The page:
What are some of the biggest challenges for companies working with IaaS, from your point of view as a CTO?
A CTO has the role of managing the technical teams. They are the technical captain of the technical boat. With the massive increase in Iaas and Saas usage this role has changed, we now spend our time sorting through the invoices of the different tools we use; and auditing these tools, in terms of security, that were previously inside the company and are now hosted at by a third party. The challenge is to modernize and innovate, while using third-party services whose development cycle is out of our control.
And what about companies in the process of migrating to the cloud, how do expectations meet reality?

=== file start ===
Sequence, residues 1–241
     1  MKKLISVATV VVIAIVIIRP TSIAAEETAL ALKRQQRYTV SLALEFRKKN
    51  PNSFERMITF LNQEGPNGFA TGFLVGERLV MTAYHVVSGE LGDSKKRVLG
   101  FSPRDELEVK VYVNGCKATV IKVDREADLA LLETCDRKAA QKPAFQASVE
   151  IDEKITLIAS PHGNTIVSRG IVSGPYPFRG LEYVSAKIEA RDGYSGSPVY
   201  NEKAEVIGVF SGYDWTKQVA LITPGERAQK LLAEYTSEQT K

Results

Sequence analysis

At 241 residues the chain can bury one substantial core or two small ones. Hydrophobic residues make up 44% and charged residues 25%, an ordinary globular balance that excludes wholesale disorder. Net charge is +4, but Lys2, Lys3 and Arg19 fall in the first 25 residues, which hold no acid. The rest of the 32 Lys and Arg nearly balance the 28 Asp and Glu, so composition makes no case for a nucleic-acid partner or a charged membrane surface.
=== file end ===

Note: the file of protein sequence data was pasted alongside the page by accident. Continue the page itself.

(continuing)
Keeping one’s own infrastructure is becoming increasingly expensive and because this isn’t companies’ key expertise, it distracts them from fully concentrating on their offer. Using the cloud accelerates development and limits maintenance.
Mass migration is already underway with private clouds, especially since new container technology such as docker lets code run everywhere. Infrastructure has become a commodity. Differentiation can be made in the performance of the infrastructure and the price. Migration will become easier in the future software environment, both intercloud and migration to a new environment. Docker has a special program for this and invests a lot in container based legacy app migration. See this link for more information.